In regards to curtain wall installations, experience has also shown the placement of batt insulation within the wall cavity of interior finishing will affect condensation performance. The batt insulation isolates the curtain wall from the warming effects of the interior heated air. Consequently, a reduction of interior curtain wall surface temperatures within the spandrel area occurs. Given the thermally conductive nature of metallic curtain wall materials, the cooling of adjacent curtain wall components would be expected. Interstitial condensation may also occur within the batt insulation or on hidden interior curtain wall surfaces within the spandrel area if the dewpoint temperature of interior air is reached.

With interior air at 21 C (70 F) and 30 per cent RH, a computerized condensation analysis of a simplified representation of the curtain wall construction indicated the formation of interstitial condensation within the batt insulation at a rate of 1 g/m2/day at exterior temperatures of –17 C (1.4 F). The analysis further indicated the rate of formation of condensation increased to 8.5 g/m2/day as the exterior temperature approached –23 C (–9.4 F).

When the analysis was repeated for an interior air condition of 21 C and 25 per cent RH, interstitial condensation was reduced within the batt insulation to a rate of 0.7 g/m2/day at exterior temperatures of –17 C. The rate of formation of condensation also decreased to 1.9 g/m2/day as the exterior temperature was decreased to –23 C.

Figure 7: Effect of wall cavity insulation on interior curtain wall backpan surface temperatures and temperature drop across interior wall cavity.[10]
Figure 7: Effect of wall cavity insulation on interior curtain wall backpan surface temperatures and temperature drop across interior wall cavity.

The analysis also indicated the presence of batt insulation within the wall cavity would also produce a temperature drop of approximately 16.5 to 19 C (29.7 to 34.2 F) within the assembly, resulting in a corresponding backpan metal surface temperature ranging from 2.4 to –0.2 C (36.3 to 31.6 F) for an exterior temperature varying from –17 to –23 C, respectively (Figure 7).

In comparison, a similar analysis of the wall assembly undertaken with identical temperature conditions and with the batt insulation removed from the wall cavity indicated a temperature drop of approximately 3.3 to 3.8 C (5.9 to 6.8 F) across the wall cavity. As a result, the backpan metal surface temperature would range from 15.7 to 14.9 C (60.2 to 58.8 F) for an exterior temperature of –17 C and –23 C, respectively (Figure 7).

Based on these comparisons, it became clear the presence of batt insulation within a wall cavity significantly reduced surface temperatures of curtain wall components and increased the potential for condensation and ice formation.

The computations also demonstrated the benefits of having reduced humidification levels during periods of extreme cold. The simulations indicate for a reduction of five per cent RH, interstitial condensation would only occur for exterior temperatures at or below approximately –22 C (–7.6 F).

The localized cooling effect produced within the spandrel sections of the curtain wall likely contributed to the cooling of apparent surfaces and the formation of condensation. Large, thermally conductive pathways provided by the mullions at the building corners likely provided a heat flow path to the colder, opaque sections of the curtain wall assembly, much like a heat sink. This phenomenon further decreased the temperature of exposed surfaces.

The computer simulations also suggested a reduced risk of condensation for the flat areas of the curtain wall assembly and condensation was not visibly apparent during site verifications. It was speculated the reduced levels of condensate production in the typical wall areas was actually stored and frozen within the insulation during periods of intense cold and these areas would subsequently thaw and dry out during warmer periods.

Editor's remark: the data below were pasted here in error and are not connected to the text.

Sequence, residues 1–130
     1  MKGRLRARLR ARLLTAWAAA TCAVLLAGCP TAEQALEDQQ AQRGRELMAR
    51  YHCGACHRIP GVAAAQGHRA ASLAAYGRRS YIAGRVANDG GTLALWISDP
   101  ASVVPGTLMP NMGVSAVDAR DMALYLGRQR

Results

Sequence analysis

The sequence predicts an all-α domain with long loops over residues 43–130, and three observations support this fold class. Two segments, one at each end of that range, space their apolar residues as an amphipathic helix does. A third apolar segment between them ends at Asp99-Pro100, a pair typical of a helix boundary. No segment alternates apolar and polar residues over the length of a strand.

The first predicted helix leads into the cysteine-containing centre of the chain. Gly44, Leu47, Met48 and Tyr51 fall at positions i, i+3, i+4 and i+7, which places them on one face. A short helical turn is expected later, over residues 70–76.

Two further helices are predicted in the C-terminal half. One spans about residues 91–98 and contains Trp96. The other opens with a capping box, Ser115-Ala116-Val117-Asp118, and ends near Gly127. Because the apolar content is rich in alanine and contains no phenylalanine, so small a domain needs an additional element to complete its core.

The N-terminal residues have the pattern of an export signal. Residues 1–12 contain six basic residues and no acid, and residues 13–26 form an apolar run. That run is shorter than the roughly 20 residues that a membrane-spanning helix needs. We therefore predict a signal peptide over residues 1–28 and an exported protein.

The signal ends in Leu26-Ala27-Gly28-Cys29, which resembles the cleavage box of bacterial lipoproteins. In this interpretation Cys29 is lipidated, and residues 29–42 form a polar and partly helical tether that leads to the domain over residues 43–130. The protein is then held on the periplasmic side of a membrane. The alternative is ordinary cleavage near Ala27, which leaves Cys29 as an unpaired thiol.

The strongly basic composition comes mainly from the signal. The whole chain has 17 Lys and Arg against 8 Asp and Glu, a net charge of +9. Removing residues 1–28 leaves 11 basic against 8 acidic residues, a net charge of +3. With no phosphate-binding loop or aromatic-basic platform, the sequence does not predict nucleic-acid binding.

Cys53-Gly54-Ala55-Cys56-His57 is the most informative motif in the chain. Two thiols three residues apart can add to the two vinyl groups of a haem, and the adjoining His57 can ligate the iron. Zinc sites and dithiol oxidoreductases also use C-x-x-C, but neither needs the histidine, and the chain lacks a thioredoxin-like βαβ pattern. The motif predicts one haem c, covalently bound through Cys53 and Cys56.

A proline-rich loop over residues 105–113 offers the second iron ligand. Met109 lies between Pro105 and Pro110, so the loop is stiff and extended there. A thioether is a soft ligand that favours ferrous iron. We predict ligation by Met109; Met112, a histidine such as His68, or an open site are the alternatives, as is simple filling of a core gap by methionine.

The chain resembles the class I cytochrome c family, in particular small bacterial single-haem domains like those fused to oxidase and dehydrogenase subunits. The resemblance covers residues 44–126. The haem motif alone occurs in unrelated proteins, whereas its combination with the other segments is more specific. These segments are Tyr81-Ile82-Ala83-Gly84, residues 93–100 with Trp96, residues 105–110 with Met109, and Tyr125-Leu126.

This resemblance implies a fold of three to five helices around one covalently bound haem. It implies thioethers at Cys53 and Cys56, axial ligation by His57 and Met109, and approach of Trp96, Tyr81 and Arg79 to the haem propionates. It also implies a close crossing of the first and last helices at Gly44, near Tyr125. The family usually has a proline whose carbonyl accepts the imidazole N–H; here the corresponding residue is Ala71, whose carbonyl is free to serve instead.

At the building corners, the compounding of condensation-promoting factors was sufficient to produce conditions that saturated the batt insulation. Once sufficient moisture had accumulated, moisture migration along surfaces occurred to eventually produce an accumulation on sills.

This time lag between the visible identification of condensation and the conditions that actually produced it may have contributed to the misdiagnosis of the condensation issue in the past.

Corrective work

To improve condensation resistance at the building’s exterior corners, it was clear the batt insulation within the interior wall cavities would have to be removed. A building corner was selected on the test floor for the removal of the wall cavity insulation and additional testing. To minimize the effects of heat sinking to levels above and below the test floor, the insulation from the wall cavities on those levels was also removed.

To gain access to the wall cavity insulation at the building corners and while minimizing cost and disruption to tenants, the complete dismantling of interior wall finishes was not an option. In lieu of the selective dismantling of finishes, a series of 102-mm (4-in.) diameter holes was cut within the interior wall finishes of one exterior corner below the curtain wall assembly and behind the obstructing structural columns at three floor levels of one particular building corner (with the middle level being the test floor). From these openings, any batt insulation within arm’s reach was extracted (Figure 8). Following removal of the insulation, round plastic vents were installed within the circular openings as an attractive finishing and to promote ventilation of hidden curtain wall surfaces (Figure 9).

The insulation situated within the suspended ceiling space was also removed by partially dismantling sections of the drywall. Following removal of the insulation, the drywall within the ceiling space was reinstalled.

The modifications to the existing wall assembly were completed in preparation for a period of sustained cold exterior temperature, when additional performance evaluations were undertaken.

Figure 9: Installation of louvred vents within circular access holes that have been cut into lower interior wall finishings at the building.[11]